Attempted therapies, such as quinine, salvarsan, antimony, mercury ointment, and convalescent serum all proved to be ineffective. Aspirin and topical menthol alleviate pain, but beyond that, nothing really seemed to work. WO TFIC reported that acriflavine and trypan red did not afford benefit. While no records of how many people were truly infected exists, the estimated incidence was over one million by the end of 1922. While soldiers were not concerned about this as there were no lethal cases reported, soldiers affected by trench fever were unfit for duty for 60-70 days.  The number of reported cases in WWII were significantly lower, and much later on, in the 1960s, Kock’s postulates were able to be fulfilled. A study of 3 volunteers (3) who were inoculated with the bacteria revealed several patterns of disease. For instance, one patient developed post-orbital headache, chills, body pains, and malaise for 3 days, followed by an asymptomatic period of a few days and then relapse for about 2 days:

He had 3 more relapses. Another patient had a more insidious progression, with vague symptoms over 2 months, while another patient developed relapsing febrile episodes weekly a month after inoculation. The overall incubation period ranged from 10 days to up to 45 days. Further investigations lead to other findings, with one review highlighting several other characteristics of B. quintana (4):

  • Incubation ranging from 3 to 38 days, though it can be as short as 6 days in experimental conditions
  • Abrupt fever and myalgias, mostly in the shins associated with headaches and dizziness that last 1-3 days
  • Some patients will recur every 4-6 days with each subsequent attach being less severe
  • Transient maculopapular rash, conjunctivitis, severe headache, myalgias
  • Splenomegaly if chronic 
  • Some patients can have chronic bacteremia, up to 8 years have been reported

Despite the first instances of B. quintana infections being reported in 1915, there is evidence to suggest that infections have been prevalent even several thousand years back. In one study of 400 ancient teeth from 9 European sites, qPCR was used to evaluate B. quintana positivity. 17.9% of the civilian population and 20.1% of the military population were positive for B. quintana (5):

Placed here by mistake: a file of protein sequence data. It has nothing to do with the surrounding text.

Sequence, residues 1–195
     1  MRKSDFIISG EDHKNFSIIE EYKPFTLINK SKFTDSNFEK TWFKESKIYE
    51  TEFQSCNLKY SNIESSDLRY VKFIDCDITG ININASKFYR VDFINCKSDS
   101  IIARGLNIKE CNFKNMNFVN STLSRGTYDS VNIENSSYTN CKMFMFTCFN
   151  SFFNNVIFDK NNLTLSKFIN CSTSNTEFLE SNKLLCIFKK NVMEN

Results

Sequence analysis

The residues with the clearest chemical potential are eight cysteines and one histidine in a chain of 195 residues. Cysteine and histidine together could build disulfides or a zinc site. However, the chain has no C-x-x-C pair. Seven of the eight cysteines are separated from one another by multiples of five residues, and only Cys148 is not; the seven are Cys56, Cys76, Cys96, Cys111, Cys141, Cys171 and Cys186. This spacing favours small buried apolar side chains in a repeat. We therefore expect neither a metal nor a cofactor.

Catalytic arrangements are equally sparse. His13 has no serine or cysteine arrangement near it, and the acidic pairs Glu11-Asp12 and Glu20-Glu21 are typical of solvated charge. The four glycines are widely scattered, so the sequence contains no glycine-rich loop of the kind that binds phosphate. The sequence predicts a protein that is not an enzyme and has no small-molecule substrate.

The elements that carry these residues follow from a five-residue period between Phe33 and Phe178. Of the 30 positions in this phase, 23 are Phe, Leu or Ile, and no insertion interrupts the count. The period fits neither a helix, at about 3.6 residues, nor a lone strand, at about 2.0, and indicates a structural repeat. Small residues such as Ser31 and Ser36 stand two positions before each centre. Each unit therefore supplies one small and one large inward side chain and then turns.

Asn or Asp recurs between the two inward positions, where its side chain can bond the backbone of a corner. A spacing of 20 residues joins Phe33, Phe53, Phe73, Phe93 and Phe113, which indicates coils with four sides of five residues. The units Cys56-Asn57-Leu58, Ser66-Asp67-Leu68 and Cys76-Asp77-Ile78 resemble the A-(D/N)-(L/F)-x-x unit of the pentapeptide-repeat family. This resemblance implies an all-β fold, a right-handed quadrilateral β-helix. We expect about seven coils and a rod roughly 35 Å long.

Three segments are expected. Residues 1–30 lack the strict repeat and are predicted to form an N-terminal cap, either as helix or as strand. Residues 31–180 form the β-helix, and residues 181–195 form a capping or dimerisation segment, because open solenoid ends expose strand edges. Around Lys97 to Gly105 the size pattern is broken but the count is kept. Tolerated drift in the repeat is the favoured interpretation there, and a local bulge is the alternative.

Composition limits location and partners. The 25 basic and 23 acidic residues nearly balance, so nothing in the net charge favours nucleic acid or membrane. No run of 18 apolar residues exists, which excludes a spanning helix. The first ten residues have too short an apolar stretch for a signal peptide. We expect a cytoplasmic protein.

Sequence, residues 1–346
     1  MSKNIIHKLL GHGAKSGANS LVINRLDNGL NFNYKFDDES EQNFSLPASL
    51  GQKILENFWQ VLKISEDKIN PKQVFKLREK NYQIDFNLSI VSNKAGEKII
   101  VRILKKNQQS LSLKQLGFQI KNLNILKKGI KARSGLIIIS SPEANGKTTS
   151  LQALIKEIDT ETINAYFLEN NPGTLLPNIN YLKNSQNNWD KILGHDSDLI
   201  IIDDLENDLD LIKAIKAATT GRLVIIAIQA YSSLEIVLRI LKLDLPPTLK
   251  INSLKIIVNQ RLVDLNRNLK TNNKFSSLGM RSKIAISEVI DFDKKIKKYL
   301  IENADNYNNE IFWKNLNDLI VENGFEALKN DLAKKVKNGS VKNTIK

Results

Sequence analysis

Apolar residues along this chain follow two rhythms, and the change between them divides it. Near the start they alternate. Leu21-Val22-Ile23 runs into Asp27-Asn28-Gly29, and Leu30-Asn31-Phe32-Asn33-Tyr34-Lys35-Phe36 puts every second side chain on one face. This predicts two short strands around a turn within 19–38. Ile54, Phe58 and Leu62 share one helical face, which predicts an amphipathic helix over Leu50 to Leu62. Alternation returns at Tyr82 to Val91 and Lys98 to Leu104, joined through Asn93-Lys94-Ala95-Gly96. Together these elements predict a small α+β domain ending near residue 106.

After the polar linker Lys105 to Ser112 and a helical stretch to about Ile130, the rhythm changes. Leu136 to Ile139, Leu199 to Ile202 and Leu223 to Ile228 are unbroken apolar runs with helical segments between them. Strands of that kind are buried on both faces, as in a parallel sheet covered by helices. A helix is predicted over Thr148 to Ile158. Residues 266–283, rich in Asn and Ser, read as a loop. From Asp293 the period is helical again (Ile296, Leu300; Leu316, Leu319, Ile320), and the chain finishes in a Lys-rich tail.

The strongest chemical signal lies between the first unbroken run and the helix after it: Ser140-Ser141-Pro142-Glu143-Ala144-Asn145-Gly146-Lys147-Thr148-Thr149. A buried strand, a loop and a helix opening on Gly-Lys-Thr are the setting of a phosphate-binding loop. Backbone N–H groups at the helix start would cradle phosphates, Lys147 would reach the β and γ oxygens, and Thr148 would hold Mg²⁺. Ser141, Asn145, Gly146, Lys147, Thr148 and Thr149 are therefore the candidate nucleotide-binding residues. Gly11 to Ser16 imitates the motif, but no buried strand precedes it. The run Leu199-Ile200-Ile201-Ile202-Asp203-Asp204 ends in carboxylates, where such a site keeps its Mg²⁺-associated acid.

Another report highlights the finding of B. quintana DNA in the dental pulp of a person who died 4000 in southeastern France (6). 

Microbiology

The organism is a facultative, intracellular, gram negative bacteremia that are catalase and oxidase negative (4). These are typically transmitted by the human body louse, and tend to be intracellular organisms, usually erythrocytes (7). Due to this, and its specific growth conditions, it is a fastidious (read: really difficult) organism to culture. Blood cultures take 20-40 days to grow with CO2 production being so low that it does not trigger the automatic growth center. Recovery is enhanced in lysis centrifugation blood culture systems or by subculturing into fresh chocolate agar (4), or culturing with axenic media with blood enriched agar plates (7). The difficulty of isolating this organism in culture was highlighted in a retrospective study of blood cultures from patients with Bartonella infections over a 5 year period found that the overall sensitivity of blood cultures was fairly low, with increasing sensitivities wit different methods, the highest being the blood culture broth-shell vial (8):

When grown in agar, the colonies of B. quintana tend to be smooth and flat, never pitted in a gar (9). This is in contrast to colonies of B. henselae, which are usually rough and deeply embedded in agar:

Diseases and Risk Factors

B. quintana has been implicated in several diseases, including bacillary angiomatosis, chronic bacteremia, peliosis, and culture-negative infective endocarditis. One case report highlights a patient with a 2 week history of fever, night sweats, and weight loss who had culture-negative endocarditis from B. quintana (10) and another case series highlights 5 pediatric patients with congenital heart disease who presented with B. quintana endocarditis (11). One of the risk factors commonly cited is homelessness and alcohol abuse, with one review (4) citing serological evidence of infection in 16% of hospitalized homeless patients compared to 1.8% of non-hospitalized patients and 0% of blood donors. In another study of IV drug users, the prevalence was 10% (4). This is confirmed in a seroprevalence report of 192 downtown Seattle clinic patients (12), of which 66% were homeless, and 199 blood donors found that clinic patients were more likely to have titers >1:64 (20% vs 2%). Multivariate analysis revealed that patients with serological evidence of B. quintana were more likely to be homeless, have alcohol abuse, be current smokers and IV drug users:

Those whose titers were >1:512 were more likely to be current alcohol users (RR 5.7, 95% CI 2.1-15.0), IV drug users (RR 4.2, 95% CI 1.1-5.8). A retrospective case-control study (13) compared 10 patients who presented with bartonella spp bacteremia with 2 controls per case, and univariate analysis showed that those with bacteremia were more likely to be homeless, have a history of chronic alcohol abuse, and be non-white. Another case series of homeless patients with B. quintana bacteremia found that bacteremic patients tended to be homeless for a shorter period of time prior to diagnosis, were more likely to be infected with lice, and had higher IgG titers compared to culture negative controls (15):

There were no differences in symptoms between groups, however sweats were more likely in bacteremic patients. These are highly selected patients so it is difficult to draw definitive conclusions.